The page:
But how do you make your purpose part of your organization’s DNA? Part of the operating model that is core to how stakeholders hear, see and feel the business? Prophet’s Human-Centered Transformation Model™ serves as a framework for effectively aligning the way your purpose and values are integrated throughout your organization.  

Customers and stakeholders want to see corporate purpose defined in a more meaningful sense. They expect products, services and experiences that align with what matters most. It has become a core component of a brand’s reputation and relevance.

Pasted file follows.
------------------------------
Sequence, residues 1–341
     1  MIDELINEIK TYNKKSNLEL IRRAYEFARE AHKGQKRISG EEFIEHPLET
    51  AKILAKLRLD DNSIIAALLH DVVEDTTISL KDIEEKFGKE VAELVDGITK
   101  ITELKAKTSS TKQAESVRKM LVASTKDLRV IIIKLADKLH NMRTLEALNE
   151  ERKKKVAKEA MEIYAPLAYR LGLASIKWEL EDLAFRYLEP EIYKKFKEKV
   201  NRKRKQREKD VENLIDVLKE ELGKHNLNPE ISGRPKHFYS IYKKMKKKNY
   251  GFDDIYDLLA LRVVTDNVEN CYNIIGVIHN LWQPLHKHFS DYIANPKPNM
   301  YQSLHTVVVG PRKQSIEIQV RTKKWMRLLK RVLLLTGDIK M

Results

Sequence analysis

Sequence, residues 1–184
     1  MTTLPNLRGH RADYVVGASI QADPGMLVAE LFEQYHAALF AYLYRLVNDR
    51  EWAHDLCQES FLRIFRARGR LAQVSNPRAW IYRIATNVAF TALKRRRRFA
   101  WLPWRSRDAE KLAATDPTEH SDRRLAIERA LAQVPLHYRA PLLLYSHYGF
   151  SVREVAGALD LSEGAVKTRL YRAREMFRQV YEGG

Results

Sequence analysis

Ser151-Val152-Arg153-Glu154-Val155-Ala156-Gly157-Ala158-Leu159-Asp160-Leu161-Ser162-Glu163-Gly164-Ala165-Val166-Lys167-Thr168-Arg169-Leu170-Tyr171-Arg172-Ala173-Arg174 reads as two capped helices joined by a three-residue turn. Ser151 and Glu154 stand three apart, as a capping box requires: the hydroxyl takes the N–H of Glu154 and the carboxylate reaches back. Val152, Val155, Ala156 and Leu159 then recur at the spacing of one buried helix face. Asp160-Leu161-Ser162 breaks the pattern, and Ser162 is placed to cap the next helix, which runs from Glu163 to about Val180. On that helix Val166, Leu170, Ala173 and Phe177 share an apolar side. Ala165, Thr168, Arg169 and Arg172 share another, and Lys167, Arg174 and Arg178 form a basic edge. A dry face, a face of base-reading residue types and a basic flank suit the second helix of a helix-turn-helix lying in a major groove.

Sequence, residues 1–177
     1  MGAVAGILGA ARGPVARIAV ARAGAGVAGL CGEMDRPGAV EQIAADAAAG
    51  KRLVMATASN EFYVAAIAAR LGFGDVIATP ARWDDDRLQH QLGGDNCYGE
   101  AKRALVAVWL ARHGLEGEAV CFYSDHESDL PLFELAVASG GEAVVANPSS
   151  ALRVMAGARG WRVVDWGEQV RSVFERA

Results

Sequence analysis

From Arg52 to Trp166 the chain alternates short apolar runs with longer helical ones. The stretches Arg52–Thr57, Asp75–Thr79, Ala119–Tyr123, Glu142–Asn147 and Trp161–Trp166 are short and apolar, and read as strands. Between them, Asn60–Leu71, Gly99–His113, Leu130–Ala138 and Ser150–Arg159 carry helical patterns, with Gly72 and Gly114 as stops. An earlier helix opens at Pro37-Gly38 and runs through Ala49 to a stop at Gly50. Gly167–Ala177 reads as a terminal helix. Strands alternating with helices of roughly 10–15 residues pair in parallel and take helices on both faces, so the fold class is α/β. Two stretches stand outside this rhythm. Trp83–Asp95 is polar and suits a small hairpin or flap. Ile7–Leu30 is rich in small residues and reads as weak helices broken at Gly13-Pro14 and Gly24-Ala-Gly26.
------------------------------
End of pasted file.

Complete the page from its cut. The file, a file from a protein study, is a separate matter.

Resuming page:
Example Winning Strategy:  Define your purpose-driven operating model

Financial services brands that are leaning into driving purpose throughout the organization are positioning for the future. Some firms are beginning to build purpose-driven operating models, incorporating purpose into project charters and establishing “Purpose Teams” into the project management structure.  

ESG commitments continue to be a focus of a brand’s purpose, promise and principles. Aspiration, an online financial services company and Certified B Corp, is a favorite example. Its “Leave your bank, save the planet” positioning allows customers to decide how much they will pay for services. It has even built a mobile tool to help customers assess their overall impact on climate change based on where they shop and how they invest.